During the past two decades, economists have published an enormous volume of work on development and humanitarian programs. However, most of this research focuses on the impacts of development and humanitarian programs – with implementation costs given relatively little attention. Nonprofit organizations respond to an implicit pricing mechanism that reflects the programs donors are willing to fund and the budgets they are willing to accept.
In this presentation, Caitlin Tulloch of the International Rescue Committee (IRC) will use a new set of average-cost data points from a large humanitarian nongovernmental organization to develop a theory of average-cost functions for humanitarian nonprofit organizations and make an initial description of their functional form for several kinds of outputs.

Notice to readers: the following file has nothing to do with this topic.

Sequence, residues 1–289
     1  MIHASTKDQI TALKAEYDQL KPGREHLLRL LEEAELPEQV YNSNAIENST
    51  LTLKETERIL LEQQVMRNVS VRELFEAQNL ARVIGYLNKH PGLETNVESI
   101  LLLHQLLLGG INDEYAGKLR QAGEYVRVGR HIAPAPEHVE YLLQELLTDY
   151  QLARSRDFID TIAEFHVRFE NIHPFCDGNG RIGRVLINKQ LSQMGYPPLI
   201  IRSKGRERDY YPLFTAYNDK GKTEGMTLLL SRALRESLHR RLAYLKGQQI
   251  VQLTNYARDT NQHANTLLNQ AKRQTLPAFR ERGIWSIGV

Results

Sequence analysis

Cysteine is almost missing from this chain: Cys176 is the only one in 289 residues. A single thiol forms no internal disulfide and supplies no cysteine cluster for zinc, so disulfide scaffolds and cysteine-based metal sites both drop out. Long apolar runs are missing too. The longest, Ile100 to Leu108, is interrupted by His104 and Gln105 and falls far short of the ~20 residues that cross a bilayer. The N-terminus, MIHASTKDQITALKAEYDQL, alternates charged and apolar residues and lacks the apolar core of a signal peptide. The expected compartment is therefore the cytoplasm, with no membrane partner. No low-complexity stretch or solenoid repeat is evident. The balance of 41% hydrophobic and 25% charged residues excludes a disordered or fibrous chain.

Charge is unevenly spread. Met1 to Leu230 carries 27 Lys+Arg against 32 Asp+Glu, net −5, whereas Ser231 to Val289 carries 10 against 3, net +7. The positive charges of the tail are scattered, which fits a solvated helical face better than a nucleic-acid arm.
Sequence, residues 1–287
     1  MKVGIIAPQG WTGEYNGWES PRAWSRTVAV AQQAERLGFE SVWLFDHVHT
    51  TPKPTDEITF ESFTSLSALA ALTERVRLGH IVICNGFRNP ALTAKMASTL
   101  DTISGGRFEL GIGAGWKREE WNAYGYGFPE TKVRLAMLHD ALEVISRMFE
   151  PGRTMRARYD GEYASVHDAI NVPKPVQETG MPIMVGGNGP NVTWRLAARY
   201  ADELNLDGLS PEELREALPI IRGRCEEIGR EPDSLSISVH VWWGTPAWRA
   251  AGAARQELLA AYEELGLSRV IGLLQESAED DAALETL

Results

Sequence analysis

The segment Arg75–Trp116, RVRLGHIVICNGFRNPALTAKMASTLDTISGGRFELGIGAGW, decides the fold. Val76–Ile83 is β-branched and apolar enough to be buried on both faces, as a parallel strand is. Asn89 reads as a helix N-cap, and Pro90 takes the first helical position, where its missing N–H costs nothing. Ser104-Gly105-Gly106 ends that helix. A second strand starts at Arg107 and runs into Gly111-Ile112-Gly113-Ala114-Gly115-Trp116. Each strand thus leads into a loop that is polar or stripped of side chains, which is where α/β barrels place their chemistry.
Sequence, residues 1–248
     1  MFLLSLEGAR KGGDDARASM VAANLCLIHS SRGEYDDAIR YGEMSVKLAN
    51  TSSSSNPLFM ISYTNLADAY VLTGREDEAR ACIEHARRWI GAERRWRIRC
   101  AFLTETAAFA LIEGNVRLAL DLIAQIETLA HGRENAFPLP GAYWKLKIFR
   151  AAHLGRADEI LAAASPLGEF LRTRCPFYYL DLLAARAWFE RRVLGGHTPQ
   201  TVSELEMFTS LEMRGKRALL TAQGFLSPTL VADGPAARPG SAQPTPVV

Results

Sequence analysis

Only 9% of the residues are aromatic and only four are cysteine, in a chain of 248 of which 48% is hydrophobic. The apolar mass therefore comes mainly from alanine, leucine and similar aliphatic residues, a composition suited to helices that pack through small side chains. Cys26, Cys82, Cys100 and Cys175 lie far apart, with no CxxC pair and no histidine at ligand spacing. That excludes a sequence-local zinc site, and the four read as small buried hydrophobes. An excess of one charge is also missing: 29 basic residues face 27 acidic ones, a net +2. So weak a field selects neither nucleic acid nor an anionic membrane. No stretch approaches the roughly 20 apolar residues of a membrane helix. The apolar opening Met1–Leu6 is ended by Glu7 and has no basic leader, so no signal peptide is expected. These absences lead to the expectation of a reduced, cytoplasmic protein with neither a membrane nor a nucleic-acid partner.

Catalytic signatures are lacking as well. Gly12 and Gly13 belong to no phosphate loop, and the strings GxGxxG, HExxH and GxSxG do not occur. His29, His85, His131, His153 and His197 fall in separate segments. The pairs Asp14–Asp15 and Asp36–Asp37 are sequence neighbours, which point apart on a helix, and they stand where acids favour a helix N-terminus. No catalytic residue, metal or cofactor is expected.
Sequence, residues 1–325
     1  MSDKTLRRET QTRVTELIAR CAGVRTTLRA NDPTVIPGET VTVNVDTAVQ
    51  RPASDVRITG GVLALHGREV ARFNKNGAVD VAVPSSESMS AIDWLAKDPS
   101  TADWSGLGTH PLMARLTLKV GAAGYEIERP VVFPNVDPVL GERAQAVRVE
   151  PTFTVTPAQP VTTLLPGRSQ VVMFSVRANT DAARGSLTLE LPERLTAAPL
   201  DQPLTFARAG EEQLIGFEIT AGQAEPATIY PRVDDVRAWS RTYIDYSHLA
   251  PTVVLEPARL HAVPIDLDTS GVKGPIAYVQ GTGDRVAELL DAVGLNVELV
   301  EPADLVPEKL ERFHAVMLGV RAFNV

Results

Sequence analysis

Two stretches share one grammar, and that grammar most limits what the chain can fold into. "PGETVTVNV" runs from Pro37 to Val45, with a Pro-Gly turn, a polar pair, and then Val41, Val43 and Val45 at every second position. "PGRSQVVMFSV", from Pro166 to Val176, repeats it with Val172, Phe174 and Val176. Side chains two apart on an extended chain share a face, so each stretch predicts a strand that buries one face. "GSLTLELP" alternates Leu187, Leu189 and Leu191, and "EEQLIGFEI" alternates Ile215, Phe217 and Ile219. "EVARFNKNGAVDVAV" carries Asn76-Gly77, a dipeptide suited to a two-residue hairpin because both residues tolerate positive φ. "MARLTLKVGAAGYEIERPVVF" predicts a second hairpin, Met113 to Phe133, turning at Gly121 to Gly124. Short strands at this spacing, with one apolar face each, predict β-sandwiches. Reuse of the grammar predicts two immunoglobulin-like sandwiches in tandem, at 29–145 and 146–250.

Tulloch also will discuss how implicit price ceilings formed by donor guidelines follow the same intuition as price ceilings in the private sector and will walk through the welfare consequences of a new cost-efficiency threshold from the European Civil Protection and Humanitarian Aid Operations.
A technical advisor, Tulloch previously interned in the Public Financial Management Unit of the World Bank in Indonesia and was a policy analyst in the Poverty Action Lab (J-PAL) at Massachusetts Institute of Poverty, where she managed the organization’s cost-effectiveness analyses. Her work has included long-term policy engagements with the governments of Ghana, the Dominican Republic, and others.